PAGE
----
When gun owners say that we need to focus on enforcing existing laws, this is exactly what we’re talking about. Stop using public safety as the excuse to push criminal penalties for things like owning a 20-round magazine. Quit making it impossible for the average person to legally own and carry a firearm through exorbitant fees and using discretionary policies that allow for denials even though they’re not prohibited by law from owning a firearm. These policies actually create illegal gun possession cases in high crime neighborhoods, as people decide it’s better to be judged by twelve than carried by six and carry a firearm illegally, though only for self-defense. What’s considered a protected right in most places is considered a felony offense in some of our biggest cities.

Gun control laws create gun crimes. They take a legal activity and impose criminal sanctions on it, sending people to prison for doing something that was perfectly legal a day earlier, and in fact is probably still legal in a neighboring state. Despite their public embrace of policing and criminal justice reform, gun control advocates (including Joe Biden) have a laundry list of new, non-violent crimes that they want to be enforced by armed agents of the State and prosecutors in a court of law.

While the criminal justice system is proving itself incapable of taking seriously someone who nearly killed a woman, Biden’s embraced the Bloomberg model of state laws that put people in prison for simply carrying a firearm without a license. Here’s another problem: these offenses are also likely to be plea bargained down, with repeat offenders and those with long criminal histories still receiving plea deals on a regular basis in New York City. Adding more laws to a broken system only increases its dysfunction, yet that’s exactly what Biden and most Democrats want to do, because it’s a fundamental part of the gun control movement.


Reforming the criminal justice system should include rejecting that agenda, as well as taking existing dumb, non-violent offenses off the books entirely. Start to rebuild a culture that respects and embraces our Second Amendment rights, after decades of attempts to de-normalize gun ownership among in urban areas and among racial minority groups. It’s time to re-normalize gun ownership in these cities, along with the responsibility that comes with exercising your rights.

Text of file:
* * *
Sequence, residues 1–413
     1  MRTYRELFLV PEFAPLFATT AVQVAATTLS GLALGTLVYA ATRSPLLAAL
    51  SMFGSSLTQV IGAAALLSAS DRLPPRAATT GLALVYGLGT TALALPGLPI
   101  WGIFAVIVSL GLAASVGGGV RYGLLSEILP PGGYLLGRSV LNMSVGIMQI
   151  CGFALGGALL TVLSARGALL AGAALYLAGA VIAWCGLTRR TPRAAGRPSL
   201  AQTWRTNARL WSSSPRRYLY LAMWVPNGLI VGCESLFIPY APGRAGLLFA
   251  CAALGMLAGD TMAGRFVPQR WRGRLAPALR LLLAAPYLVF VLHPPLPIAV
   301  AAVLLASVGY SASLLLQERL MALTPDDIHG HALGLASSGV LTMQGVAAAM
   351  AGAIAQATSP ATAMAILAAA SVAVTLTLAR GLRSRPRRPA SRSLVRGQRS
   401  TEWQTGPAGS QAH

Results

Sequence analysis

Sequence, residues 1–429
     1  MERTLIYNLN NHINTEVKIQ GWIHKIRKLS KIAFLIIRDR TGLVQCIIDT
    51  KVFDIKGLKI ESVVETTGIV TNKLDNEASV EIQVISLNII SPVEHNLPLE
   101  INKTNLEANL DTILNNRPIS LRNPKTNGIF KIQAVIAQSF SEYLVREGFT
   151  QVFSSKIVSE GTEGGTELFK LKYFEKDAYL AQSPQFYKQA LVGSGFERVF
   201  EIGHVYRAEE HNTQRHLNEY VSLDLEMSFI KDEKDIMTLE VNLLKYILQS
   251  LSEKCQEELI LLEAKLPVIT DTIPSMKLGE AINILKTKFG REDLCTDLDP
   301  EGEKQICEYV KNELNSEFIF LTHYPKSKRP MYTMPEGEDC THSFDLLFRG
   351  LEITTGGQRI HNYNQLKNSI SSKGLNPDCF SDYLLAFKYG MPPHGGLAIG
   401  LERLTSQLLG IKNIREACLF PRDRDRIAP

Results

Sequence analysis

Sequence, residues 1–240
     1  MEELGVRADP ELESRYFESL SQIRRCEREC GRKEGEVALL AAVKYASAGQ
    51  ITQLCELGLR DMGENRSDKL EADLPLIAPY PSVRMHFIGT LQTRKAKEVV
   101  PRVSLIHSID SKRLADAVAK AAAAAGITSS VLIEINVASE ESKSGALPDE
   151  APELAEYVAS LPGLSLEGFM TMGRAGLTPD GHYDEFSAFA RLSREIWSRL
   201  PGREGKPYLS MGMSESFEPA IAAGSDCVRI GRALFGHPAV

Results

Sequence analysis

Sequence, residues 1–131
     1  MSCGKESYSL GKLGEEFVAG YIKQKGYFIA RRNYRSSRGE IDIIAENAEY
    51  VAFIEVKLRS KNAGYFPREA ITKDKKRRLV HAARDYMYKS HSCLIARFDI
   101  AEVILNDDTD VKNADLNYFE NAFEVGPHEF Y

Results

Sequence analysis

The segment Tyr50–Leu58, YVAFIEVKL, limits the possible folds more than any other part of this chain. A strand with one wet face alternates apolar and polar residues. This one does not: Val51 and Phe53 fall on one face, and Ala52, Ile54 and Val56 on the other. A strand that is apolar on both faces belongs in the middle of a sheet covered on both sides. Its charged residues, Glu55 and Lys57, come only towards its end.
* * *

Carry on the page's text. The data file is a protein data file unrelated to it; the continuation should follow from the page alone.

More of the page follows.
If cities want to spend millions on “violence interruptors,” that’s fine, but they should cough up some coin to educate young residents about their Second Amendment rights and responsibilities, and push campaigns to promote opportunities for training and education. Embrace gun ranges, encourage competitive shooting, and the re-establishment of a culture of responsible gun ownership.

Enacting these reforms would free up space in the criminal justice system, reduce plea bargains, redirect law enforcement resources to violent offenders, while offering an opportunity to empower more Americans to exercise their constitutional rights.  They’re measures that will save lives, make neighborhoods safer places, and respect the constitutional rights of all Americans. And as long as the gun control movement has their way, we’ll never see any of them enacted.